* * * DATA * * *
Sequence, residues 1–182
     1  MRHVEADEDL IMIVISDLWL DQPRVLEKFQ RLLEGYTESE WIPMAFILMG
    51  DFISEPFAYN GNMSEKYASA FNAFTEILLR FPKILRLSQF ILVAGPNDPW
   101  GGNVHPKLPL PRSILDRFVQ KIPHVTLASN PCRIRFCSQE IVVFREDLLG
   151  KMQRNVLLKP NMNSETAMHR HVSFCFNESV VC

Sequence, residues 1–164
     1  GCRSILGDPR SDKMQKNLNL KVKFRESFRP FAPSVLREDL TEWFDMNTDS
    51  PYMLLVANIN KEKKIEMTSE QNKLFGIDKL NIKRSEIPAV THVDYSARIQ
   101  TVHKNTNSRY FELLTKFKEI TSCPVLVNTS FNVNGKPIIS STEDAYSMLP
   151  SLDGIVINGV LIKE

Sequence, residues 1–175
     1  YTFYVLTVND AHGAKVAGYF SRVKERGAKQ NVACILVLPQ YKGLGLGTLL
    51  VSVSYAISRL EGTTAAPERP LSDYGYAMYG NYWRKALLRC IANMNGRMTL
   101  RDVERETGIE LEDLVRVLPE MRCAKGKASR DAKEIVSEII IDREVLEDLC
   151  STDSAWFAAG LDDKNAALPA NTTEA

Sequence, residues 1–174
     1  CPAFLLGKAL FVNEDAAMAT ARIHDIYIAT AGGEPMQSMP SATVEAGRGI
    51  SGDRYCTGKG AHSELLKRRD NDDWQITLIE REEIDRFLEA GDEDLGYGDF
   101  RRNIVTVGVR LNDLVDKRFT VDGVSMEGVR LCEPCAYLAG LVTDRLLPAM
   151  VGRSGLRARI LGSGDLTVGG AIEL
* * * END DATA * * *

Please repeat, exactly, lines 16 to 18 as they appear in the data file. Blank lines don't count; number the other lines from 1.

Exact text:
Sequence, residues 1–174
     1  CPAFLLGKAL FVNEDAAMAT ARIHDIYIAT AGGEPMQSMP SATVEAGRGI
    51  SGDRYCTGKG AHSELLKRRD NDDWQITLIE REEIDRFLEA GDEDLGYGDF